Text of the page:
GOGCCFLAGS="-fPIC -m64 -pthread -fmessage-length=0 -fdebug-prefix-map=/tmp/go-build072574281=/tmp/go-build -gno-record-gcc-switches"
$ go version
go version devel +99957b6930 Tue Nov 12 05:35:33 2019 +0000 linux/amd64
$ uname -r
5.3.0-19-generic
$ lsb_release -a
No LSB modules are available.
Distributor ID: Ubuntu
Description:    Ubuntu 19.10
Release:        19.10
Codename:       eoan
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@mvdan mvdan commented Nov 12, 2019

@aclements I'm attaching the two logs you wanted. It's hard to reproduce it when running go vet on a single package, so I had an easier time with a for loop and many Go packages at once. I used the following bits of shell:

# first file
while true; do go clean -testcache -cache; go vet encoding/... |& tee out; grep bexport out && break; done
# second file
while true; do go clean -testcache -cache; GODEBUG=gccheckmark=1 go vet encoding/... |& tee out; grep bexport out && break; done

conservative.txt
conservative-gccheckmark.txt

If these files don't contain enough information, let me know and I can try again.

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@mpx mpx commented Nov 13, 2019

go version devel +43ec1b12f5 Wed Nov 13 01:15:54 2019 +0000 linux/amd64

I have been seeing very repeatable failures building all.bash under Fedora 30 (currently kernel 5.3.8-200.fc30.x86_64). The ... unknown bexport format version -1 ... always occurs in one of the tests.

Builds/tests are successful under GODEBUG=asyncpreemptoff=1.

Here is my debug output in case it's useful:

$ ./all.bash >& all-debugScanConservative.txt
$ GODEBUG=gccheckmark=1 ./all.bash >& all-debugScanConservative-gccheckmark.txt

all-debugScanConservative.txt
all-debugScanConservative-gccheckmark.txt

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@zikaeroh zikaeroh commented Nov 13, 2019

I just saw this too, while running some benchmarks:

# crypto/ecdsa
vet: ../../../sdk/gotip/src/crypto/ecdsa/ecdsa.go:36:2: could not import encoding/asn1 (cannot import "encoding/asn1" (unknown bexport format version -1 ("e/.antigen/bundl\x00\x00\x00\x00\x00\x00\x00\x00\x00\x00\x00\x00\x00\x00\x00\x00/asn1.go\x00\x03Msg\x05Error\x01e\x0fStructuralError\x04esc:\x17asn1: structure error: \vSyntaxError\x14asn1: syntax error: \x05Bytes\tBitLength\x02At\x01b\tBitString\x01i")), possibly version skew - reinstall package)
# github.com/pmylund/go-cache
vet: ../../../nobackup/gotip_home/gopath/pkg/mod/github.com/pmylund/go-cache@v2.1.0+incompatible/cache.go:5:2: could not import fmt (cannot import "fmt" (unknown bexport format version -1 ("e/.antigen/bundl\x00\x00\x00\x00\x00\x00\x00\x00\x00\x00\x00\x00\x00\x00\x00\x00\x06format\x01a\x00\x04esc:\x05esc:\x02\x18$GOROOT/src/fmt/print.go\x05Write\x01b\x01n\x03err\x05Width\x03wid\x02ok\tPrecision\x04prec\x04Flag\x01c\x06Format\x01f\x05State\x06String\bGoString\x01w\x06Writer\x02io")), possibly version skew - reinstall package)
?   	github.com/hortbot/hortbot	[no test files]

e/.antigen/bundl is something from my environment variables which has somehow made its way here...

go version devel +49e05d4f Wed Nov 13 20:53:39 2019 +0000 linux/amd64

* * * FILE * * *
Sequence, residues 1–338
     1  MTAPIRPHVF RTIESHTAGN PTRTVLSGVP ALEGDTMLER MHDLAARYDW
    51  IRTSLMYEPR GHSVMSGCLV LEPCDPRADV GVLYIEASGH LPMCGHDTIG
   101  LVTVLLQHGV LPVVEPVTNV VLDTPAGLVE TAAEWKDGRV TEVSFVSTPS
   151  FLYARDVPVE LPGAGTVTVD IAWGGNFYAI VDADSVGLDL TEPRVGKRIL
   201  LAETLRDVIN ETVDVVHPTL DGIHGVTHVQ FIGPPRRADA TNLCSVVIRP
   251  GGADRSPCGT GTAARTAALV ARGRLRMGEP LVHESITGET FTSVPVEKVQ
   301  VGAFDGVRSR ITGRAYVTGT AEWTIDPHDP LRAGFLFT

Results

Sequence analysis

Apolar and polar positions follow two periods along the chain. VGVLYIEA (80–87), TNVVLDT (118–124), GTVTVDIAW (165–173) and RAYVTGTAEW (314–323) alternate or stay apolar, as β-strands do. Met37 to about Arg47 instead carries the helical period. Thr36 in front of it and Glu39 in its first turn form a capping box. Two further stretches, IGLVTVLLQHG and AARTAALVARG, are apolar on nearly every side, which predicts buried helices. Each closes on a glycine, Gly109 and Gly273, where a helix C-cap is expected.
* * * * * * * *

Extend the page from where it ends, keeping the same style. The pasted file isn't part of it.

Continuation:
Linux Jake-X1 5.3.11-arch1-1 #1 SMP PREEMPT Tue, 12 Nov 2019 22:19:48 +0000 x86_64 GNU/Linux
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@josharian josharian commented Nov 19, 2019

@aclements assuming for the moment that this is caused by async pre-emption, is there a way to disable stackguard-based pre-emption? That might make this reproduce more easily.

It seems like it should suffice to comment out this line from func preemptone:

	 gp.stackguard0 = stackPreempt

but I don't know for sure, or know what else that might break. :)

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@ianlancetaylor ianlancetaylor commented Nov 22, 2019

Sorry for confusion, I was being sarcastic.

Of course we have to fix it, one way or another.

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@ianlancetaylor ianlancetaylor commented Nov 22, 2019

Would somebody like to try this C program on a 5.3 kernel and see whether it reports any memory corruption? It runs without error on my 4.19 kernel.

#include <errno.h>
#include <signal.h>
#include <stdio.h>
#include <stdlib.h>
#include <string.h>
#include <unistd.h>
#include <pthread.h>

static void die(const char* msg, int err) {
  if (err != 0) {
    fprintf(stderr, "%s: %s\n", msg, strerror(err));
  } else {
    fprintf(stderr, "%s\n", msg);
  }
  exit(EXIT_FAILURE);
}

static int sigs;

void handler(int sig __attribute__((unused)),
	     siginfo_t* info __attribute__((unused)),
	     void* context __attribute__((unused))) {
  sigs++;
}

void* thread(void* arg) {
  pthread_t tid;
  int err;

  tid = *(pthread_t*)(arg);
  for (;;) {
    usleep(100);
    err = pthread_kill(tid, SIGWINCH);
    if (err != 0) {
      die("pthread_kill", err);
    }
  }
  return NULL;
}

static char altSigstack[SIGSTKSZ];

/* Looking at the glibc source code it appears that it will use rep
   movsb somewhere above 2048 bytes.  */
static char buf1[2040];
static char buf2[2040];

/* Pretend to clobber memory to avoid compiler optimizations.  */
static void clobber() {
  asm volatile("" : : : "memory");
}

int main() {
  stack_t ss;
  struct sigaction sa;
  pthread_t tid;
  pthread_t ctid;
  int err;
  int i;

  memset(&ss, 0, sizeof ss);
  ss.ss_sp = altSigstack;
  ss.ss_size = sizeof altSigstack;
  if (sigaltstack(&ss, NULL) < 0) {
    die("sigaltstack", errno);
  }

  memset(&sa, 0, sizeof sa);
  sa.sa_sigaction = handler;
  sigfillset(&sa.sa_mask);
  sa.sa_flags = SA_ONSTACK | SA_RESTART;